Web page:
Yankee Blues: when money can’t buy success

The New York Yankees’ proud tradition of excellence has been preserved in this century only at great cost and with decidedly mixed results. Since closing out the last century with 4 WS titles in a 5 year span, New York has had to settle for just three AL titles and one WS crown in the 13 years since. A windfall for some franchises, but not for the Yankees.

As they did last year, the Yankees are again significantly outperforming their Pythagorean projection, a feat of legerdemain that can seldom be preserved for extended periods. It’s likely that the Yankee players will need to perform much better the rest of the way if New York is to avoid its first losing season since 1992. After the jump, more on what ails the Bombers.

As most of our readers are aware, the Yankees open their wallets every year and add one or two or more veteran players to replace the veterans they have decided to part ways with. While that perception might incline one to the view that there is significant turnover in the Yankee lineup each season, all the free agent signings often amount to just noise as New York has actually had fairly stable lineups, at least by today’s standards. Here are the players to log qualifying seasons at each position since 2001.

[table id=226 /]

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So, most seasons, the Yankees have had players in at least 6 positions who turned in qualifying seasons of 502 PAs. And, in many instances, they’ve had the same player repeat for at least a few seasons led, of course, by team captain and franchise icon Derek Jeter. That changed in a big way in the disaster of 2013 when injuries contributed to emergency replacements at most positions. New York is healthier this year but their lineup is sporting new regulars at 4 positions, plus Alfonso Soriano appearing in his first full season since his return to the AL. If you look closely at the table above, prior to this season there have not been more than two lineup positions in any season filled by a player in the first full season of a stint as a Yankee, much less four or five new regulars. The big turnover this year has produced very modest results thus far, with six players currently at 85 OPS+ or worse in 125+ PAs. That has resulted in a team OPS+ of only 94 and a team OPS ranked 10th of 15 AL teams. With more than one-third of the season completed, New York has compiled only 4.6 batting WAR, on track for an even worse result than last year’s 13.4 and projecting to much less than half of the 29.9 WAR in of 2012.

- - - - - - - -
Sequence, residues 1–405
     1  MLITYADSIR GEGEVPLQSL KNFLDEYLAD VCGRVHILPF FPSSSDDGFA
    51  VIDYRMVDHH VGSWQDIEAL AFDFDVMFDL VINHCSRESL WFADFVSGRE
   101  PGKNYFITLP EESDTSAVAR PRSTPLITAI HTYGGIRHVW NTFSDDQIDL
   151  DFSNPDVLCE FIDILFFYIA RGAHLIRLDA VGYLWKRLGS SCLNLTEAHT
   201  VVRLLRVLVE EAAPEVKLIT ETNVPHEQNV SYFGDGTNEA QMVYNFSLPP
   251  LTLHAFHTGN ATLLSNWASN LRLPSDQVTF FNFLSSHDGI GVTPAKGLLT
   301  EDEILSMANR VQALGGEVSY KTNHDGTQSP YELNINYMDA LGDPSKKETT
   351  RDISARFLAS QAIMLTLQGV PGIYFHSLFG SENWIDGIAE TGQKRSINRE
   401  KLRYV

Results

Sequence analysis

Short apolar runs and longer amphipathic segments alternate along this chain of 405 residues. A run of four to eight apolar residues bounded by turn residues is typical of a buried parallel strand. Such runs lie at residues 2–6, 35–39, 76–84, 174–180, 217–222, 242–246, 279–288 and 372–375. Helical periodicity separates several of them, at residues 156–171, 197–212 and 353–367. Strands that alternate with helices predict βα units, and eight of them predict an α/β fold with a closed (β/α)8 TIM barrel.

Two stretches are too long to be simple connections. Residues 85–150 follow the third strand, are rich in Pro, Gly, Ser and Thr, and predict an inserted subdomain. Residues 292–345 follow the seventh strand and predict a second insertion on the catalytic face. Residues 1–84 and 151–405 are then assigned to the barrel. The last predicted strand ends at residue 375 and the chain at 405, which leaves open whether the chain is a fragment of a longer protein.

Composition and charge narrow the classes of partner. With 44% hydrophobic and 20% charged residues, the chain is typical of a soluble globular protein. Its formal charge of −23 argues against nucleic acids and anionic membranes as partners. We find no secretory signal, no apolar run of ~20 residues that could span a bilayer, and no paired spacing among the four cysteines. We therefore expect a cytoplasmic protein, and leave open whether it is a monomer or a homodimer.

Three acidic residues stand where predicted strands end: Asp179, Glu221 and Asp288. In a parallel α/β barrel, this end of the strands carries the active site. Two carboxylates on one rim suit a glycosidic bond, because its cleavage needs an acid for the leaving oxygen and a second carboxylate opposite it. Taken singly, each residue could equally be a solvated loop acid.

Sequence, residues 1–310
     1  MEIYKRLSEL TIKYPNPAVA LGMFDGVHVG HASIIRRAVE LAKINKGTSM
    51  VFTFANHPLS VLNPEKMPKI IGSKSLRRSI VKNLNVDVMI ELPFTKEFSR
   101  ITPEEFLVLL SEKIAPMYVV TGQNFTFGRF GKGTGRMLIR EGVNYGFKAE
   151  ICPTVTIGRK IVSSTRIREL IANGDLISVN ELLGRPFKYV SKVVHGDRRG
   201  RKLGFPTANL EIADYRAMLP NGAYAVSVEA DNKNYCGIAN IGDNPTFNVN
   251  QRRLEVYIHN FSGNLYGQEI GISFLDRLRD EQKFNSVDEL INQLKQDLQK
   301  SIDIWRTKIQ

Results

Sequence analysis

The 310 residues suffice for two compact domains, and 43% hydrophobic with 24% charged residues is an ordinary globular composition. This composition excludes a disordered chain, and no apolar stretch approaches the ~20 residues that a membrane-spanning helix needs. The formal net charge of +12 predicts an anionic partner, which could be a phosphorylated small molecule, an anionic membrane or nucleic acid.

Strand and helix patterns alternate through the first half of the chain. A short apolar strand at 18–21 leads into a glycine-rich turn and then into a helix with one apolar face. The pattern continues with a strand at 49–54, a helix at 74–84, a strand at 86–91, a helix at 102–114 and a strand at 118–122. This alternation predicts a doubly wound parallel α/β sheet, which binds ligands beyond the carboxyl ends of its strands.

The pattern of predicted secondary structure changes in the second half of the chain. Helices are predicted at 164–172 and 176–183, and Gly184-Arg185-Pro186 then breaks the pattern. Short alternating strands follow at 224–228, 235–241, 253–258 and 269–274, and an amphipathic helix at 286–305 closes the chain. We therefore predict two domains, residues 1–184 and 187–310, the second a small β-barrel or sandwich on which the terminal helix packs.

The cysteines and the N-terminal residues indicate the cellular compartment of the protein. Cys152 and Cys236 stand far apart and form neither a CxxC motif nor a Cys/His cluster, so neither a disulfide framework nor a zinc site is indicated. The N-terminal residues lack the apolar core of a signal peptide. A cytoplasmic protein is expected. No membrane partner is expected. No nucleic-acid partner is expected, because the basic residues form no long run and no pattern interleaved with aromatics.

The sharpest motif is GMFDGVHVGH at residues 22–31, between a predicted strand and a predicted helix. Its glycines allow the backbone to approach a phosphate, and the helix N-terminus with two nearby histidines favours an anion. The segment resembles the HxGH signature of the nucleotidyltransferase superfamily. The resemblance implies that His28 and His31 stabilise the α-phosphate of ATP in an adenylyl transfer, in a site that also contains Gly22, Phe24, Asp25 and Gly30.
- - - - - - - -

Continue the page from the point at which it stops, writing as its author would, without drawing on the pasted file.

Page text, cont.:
Part of the reason for the underwhelming results this season is the age of the Yankee roster, averaging almost 33 years a man. That, of course, is nothing new as can be seen by the table below. It’s the same table as the one above except that it only shows seasons by players before their age 30 season.

[table id=227 /]